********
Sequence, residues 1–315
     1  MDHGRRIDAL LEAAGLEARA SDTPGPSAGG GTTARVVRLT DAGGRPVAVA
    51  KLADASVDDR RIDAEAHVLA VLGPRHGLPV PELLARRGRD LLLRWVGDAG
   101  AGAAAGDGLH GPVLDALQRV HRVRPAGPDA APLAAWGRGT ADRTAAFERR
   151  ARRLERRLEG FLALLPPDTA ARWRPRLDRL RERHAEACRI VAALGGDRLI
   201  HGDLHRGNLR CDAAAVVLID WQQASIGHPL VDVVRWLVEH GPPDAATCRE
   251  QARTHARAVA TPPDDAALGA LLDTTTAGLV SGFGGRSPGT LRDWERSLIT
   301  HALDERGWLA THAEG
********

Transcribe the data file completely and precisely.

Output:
Sequence, residues 1–315
     1  MDHGRRIDAL LEAAGLEARA SDTPGPSAGG GTTARVVRLT DAGGRPVAVA
    51  KLADASVDDR RIDAEAHVLA VLGPRHGLPV PELLARRGRD LLLRWVGDAG
   101  AGAAAGDGLH GPVLDALQRV HRVRPAGPDA APLAAWGRGT ADRTAAFERR
   151  ARRLERRLEG FLALLPPDTA ARWRPRLDRL RERHAEACRI VAALGGDRLI
   201  HGDLHRGNLR CDAAAVVLID WQQASIGHPL VDVVRWLVEH GPPDAATCRE
   251  QARTHARAVA TPPDDAALGA LLDTTTAGLV SGFGGRSPGT LRDWERSLIT
   301  HALDERGWLA THAEG